ANCHORAGE (AP) -- Peninsula Airways pilot Gordon Mills did not call for help or say anything unusual before his Cessna 208 plunged into the tundra shortly after taking off Oct. 10 from Dillingham, according to an investigation update from the National Transportation Safety Board.
The crash killed Mills, 41, and his nine passengers. It was the deadliest commercial aircraft accident in Alaska in 14 years.
The NTSB update Thursday, the first since investigators returned to Washington after visiting the crash site in October, did not pinpoint a cause.
Investigators examined tapes of Mills' radio conversations with air traffic control before the crash and from several previous flights. No unusual calls or sounds were heard.
Witnesses described seeing the plane take off and then suddenly nose dive about half a mile from the runway's end.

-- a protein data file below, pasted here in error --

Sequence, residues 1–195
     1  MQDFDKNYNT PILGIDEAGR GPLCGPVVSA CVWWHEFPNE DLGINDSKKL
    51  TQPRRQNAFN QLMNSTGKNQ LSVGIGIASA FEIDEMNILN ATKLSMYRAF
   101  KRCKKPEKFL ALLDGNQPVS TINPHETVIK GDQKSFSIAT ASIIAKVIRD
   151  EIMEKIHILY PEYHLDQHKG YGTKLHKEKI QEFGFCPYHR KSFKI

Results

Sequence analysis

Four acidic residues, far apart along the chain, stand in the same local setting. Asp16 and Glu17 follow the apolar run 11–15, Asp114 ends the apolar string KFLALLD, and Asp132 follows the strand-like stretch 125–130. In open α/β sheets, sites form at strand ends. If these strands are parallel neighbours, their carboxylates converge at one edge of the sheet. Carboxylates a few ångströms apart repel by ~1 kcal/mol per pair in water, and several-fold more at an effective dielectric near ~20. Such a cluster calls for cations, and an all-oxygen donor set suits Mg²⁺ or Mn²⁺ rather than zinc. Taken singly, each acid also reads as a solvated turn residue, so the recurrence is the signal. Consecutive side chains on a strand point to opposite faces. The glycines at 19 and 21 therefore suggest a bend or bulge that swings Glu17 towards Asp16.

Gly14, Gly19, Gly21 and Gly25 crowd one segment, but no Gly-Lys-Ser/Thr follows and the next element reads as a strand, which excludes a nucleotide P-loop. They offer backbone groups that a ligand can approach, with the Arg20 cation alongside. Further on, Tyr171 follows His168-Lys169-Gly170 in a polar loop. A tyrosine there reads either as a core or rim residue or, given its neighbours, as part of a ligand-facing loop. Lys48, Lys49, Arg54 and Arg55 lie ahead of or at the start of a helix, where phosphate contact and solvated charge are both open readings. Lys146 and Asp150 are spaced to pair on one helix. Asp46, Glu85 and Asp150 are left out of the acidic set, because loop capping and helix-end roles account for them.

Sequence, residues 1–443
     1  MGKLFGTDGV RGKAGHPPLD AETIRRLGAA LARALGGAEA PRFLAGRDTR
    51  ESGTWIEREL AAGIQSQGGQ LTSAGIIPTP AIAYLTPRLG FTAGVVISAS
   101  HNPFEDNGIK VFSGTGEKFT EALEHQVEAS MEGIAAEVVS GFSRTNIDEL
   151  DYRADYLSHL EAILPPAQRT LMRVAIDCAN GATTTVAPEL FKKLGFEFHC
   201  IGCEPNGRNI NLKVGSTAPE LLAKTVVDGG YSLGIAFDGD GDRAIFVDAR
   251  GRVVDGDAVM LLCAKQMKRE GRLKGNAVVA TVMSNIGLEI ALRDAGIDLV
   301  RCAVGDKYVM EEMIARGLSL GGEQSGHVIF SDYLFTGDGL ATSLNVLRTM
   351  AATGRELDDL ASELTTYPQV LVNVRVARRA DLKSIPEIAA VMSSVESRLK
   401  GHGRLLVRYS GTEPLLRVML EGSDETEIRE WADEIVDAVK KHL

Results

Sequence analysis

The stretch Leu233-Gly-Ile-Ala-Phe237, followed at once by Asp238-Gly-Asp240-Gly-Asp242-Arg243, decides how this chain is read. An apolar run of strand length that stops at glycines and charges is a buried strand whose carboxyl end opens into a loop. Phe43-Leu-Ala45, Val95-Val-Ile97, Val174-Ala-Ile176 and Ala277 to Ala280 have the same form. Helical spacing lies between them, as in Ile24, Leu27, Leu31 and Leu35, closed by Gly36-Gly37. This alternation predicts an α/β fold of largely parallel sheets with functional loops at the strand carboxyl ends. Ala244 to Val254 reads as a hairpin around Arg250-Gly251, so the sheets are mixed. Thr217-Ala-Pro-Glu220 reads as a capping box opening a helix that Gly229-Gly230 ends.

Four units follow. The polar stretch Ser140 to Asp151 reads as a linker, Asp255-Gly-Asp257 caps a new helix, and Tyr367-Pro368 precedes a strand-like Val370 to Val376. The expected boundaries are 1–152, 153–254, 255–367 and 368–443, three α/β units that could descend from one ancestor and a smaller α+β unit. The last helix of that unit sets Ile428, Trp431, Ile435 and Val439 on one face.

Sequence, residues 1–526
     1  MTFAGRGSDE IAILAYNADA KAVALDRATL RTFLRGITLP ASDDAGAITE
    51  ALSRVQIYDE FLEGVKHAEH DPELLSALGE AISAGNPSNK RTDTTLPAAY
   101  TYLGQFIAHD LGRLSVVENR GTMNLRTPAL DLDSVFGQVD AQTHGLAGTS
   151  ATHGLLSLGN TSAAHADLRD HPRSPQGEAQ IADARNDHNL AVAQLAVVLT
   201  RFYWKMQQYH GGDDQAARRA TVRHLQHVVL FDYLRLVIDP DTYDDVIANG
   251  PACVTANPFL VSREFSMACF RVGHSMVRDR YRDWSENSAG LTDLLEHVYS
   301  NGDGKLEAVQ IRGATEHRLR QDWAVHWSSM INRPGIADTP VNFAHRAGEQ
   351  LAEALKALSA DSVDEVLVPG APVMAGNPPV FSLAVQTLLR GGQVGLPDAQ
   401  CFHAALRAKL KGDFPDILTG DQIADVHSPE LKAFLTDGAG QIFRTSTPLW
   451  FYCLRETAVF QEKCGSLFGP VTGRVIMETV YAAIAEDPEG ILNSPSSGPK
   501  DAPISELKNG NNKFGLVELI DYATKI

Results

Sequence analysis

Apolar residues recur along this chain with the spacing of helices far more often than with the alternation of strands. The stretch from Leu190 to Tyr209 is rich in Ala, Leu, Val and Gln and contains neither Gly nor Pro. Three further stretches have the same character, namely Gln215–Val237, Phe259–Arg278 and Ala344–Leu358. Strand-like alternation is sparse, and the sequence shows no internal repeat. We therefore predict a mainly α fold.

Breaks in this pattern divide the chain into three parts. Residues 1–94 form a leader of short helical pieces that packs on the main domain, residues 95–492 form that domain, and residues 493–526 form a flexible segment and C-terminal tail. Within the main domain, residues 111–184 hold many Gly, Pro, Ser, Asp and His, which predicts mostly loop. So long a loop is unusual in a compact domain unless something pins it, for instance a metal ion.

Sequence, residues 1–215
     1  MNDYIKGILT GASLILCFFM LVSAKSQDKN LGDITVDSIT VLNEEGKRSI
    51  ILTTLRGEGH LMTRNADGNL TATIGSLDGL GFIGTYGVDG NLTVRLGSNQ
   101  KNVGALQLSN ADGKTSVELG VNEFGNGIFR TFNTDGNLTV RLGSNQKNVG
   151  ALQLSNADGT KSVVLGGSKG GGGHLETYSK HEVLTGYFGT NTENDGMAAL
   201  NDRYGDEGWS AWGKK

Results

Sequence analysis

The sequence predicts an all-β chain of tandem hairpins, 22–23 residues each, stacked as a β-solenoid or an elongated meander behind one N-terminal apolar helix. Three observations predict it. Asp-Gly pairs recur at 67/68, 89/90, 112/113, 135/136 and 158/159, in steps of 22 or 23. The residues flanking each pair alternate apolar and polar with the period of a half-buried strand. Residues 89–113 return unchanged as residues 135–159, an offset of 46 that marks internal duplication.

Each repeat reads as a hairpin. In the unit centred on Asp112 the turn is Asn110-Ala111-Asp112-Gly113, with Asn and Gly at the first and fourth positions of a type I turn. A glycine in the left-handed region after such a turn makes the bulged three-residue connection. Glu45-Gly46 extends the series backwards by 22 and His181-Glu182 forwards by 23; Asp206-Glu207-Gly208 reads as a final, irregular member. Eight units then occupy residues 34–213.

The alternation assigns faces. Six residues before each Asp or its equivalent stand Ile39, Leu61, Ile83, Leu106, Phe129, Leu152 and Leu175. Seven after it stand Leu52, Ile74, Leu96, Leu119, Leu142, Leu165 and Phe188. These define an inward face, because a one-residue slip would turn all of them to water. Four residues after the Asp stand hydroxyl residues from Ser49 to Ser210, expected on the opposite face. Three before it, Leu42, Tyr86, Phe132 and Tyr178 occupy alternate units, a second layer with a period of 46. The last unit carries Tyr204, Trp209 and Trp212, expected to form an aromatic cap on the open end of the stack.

Toxicology tests indicate Mills was not under the influence of drugs or alcohol, according to the update, and no problems were found in the engine or propeller hub.
''The engine was running at the time of impact and the propeller was within its operating range,'' the update states.
Investigators are examining other evidence such as the engine monitor recovered from the crash site. It records any engine faults while the engine is running.
The weather was clear and windless the morning of the accident. Dillingham residents were baffled by what could have caused the plane to drop out of the sky.
The safety board's final report on the accident is not expected until next fall.
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